Guess who's cucking to dinner? Rebecca Hall, Jason Bateman, and Joel Edgerton in "The Gift"

Two years ago, at the "old" Alt-Right site, I explored the state of the "cuckold" as poignantly displayed in an especially memorable lite-rock tune of the early 80s, a song which most oblivious listeners took simply to be a sweet, romantic, heartfelt number, though the pitifully sad lyrics clearly revealed an entirely more desperate scenario, involving a loving husband desperate to forget his wife's compulsive and unrepentant serial adultery.

In that article, republished more recently, I observed how some tropes never fully disappear, even when they are supposedly outdated: in an age gripped by gynocracy, pre-feminist standards still obtain in certain critical categories: to wit, if a man cheats on his wife, others tend to sympathize with the wronged party and deplore the caddish adulterer, but if a wife cheats on her husband, the husband is often mocked as un-manly, and is branded a disgraced "cuckold," while his wife's lover is celebrated for his seductive brio and charm, a la Hugh "Blazes" Boylan or Jamie "MacTavish" Frasier.

That is to say, men are still expected to "man up," today as in olden times, or else their wives will stray (and if their wives do stray, it will presumably be a testament not so much to their wives' lack of moral fortitude, but to their own failure to be "proper" men).

Now we have the "cuck"/"cuckservative" meme in full swing, commented on several times in numerous venues, including a few mentions here at Alternative Right. I have weighed in on the subject of this resurgent slur myself, but after seeing the new psychological thriller The Gift. in which the threat of impending cuckoldry plays a significant role in the unfolding of the plot, I cannot help but be struck by the ubiquity of this theme here in 2015.

Cuckoldry-- both real and metaphorical-- is clearly conceptually alive to us in a way that it wasn't back in 2013 when I originally penned my REO Speedwagon analysis. There is something in the air, or in the water, or somewhere, which has caused this eternally potent insult to reassert itself with a peculiar intensity. Is the much-ballyhooed modern-day crisis in masculinity finally coming to a boil? It is a question crying out for meta-analysis.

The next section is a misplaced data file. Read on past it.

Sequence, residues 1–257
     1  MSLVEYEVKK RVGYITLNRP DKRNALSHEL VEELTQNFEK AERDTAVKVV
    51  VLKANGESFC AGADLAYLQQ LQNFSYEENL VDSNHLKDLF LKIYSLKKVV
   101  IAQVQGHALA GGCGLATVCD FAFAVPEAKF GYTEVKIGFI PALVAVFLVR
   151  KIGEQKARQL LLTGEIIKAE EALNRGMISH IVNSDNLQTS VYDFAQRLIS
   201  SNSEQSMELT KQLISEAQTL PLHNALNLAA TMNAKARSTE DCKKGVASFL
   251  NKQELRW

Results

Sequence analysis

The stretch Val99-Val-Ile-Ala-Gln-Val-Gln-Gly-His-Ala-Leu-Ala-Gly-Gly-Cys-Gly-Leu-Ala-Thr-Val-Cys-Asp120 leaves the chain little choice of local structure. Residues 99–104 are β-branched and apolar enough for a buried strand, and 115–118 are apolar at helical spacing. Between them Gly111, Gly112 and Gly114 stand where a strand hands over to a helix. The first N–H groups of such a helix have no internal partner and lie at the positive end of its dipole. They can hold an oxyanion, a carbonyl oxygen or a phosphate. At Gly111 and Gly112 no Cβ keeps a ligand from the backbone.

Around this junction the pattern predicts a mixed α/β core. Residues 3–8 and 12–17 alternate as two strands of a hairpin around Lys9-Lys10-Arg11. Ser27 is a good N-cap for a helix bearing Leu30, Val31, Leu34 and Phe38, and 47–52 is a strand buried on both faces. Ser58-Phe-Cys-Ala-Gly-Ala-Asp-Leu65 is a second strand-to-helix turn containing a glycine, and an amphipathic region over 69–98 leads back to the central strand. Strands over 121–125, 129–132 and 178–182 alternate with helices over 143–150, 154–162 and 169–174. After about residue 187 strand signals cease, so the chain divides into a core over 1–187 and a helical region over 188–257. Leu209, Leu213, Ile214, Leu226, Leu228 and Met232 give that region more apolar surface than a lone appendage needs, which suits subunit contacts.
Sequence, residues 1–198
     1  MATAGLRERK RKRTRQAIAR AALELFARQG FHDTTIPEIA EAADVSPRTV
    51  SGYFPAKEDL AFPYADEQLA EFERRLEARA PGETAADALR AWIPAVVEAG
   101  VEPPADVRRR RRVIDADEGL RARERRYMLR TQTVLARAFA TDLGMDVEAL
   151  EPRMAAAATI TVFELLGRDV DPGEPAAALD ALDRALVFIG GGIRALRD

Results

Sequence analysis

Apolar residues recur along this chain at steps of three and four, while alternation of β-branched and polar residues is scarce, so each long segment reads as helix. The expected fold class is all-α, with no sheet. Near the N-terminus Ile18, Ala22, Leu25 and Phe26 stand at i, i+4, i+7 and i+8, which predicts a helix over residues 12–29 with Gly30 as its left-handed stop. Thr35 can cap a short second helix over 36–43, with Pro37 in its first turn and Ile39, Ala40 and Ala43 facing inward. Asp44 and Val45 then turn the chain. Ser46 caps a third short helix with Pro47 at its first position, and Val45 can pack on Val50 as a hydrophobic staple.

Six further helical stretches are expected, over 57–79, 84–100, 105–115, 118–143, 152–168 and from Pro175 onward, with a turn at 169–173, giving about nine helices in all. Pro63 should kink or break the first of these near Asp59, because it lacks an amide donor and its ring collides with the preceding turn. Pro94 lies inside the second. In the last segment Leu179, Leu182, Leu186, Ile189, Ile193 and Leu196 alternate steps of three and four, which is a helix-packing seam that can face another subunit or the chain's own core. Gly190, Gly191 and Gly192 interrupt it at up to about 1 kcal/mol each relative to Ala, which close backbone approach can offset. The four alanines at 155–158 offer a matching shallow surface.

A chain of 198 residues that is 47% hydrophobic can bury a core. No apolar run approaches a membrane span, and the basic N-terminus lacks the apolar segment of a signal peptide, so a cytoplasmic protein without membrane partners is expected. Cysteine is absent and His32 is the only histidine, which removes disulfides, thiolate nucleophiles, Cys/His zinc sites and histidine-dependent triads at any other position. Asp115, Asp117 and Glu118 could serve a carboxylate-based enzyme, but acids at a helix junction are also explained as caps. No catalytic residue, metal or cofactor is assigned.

I don't wish to give away anything significant about The Gift, because I think it is well worth seeing and deserves no spoliation. Suffice to say that it is a movie about a conflict between two men, one of them suave, successful, and charming; the other one a socially inept and troubled loner. Eventually, it emerges that one of these men has horrifically wronged the other. After this crucial reveal, we think we know where our sympathies lie, yet the shocking denouement puts the audience in the challenging position of being forced into sentimental allegiance with the "bad" guy while ardently wishing that the "good" guy will show mercy, much like in the similarly unsettling 2005 revenge thriller Hard Candy

The fact that cuckoldry can be a man's undoing is a reminder of a fragility that dwells at the heart of masculinity. We like to think of ourselves as strong, but certain species of betrayal can bring us ungovernable grief. Perhaps, though, there is something more broadly human about the fact that we can be undone by circumstances over which we ultimately have no control. Such is the tragedy faced by the three main characters in The Gift: each of them, it may be said, winds up getting "cucked" by fate. But is this not, in a sense, what happens to us all? 

Andy Nowicki, assistant editor of Alternative Right, is the author of eight books, including Under the NihilThe Columbine PilgrimConsidering Suicide, and Beauty and the Least. He occasionally updates his blog when the spirit moves him to do so. Visit his Soundcloud page.

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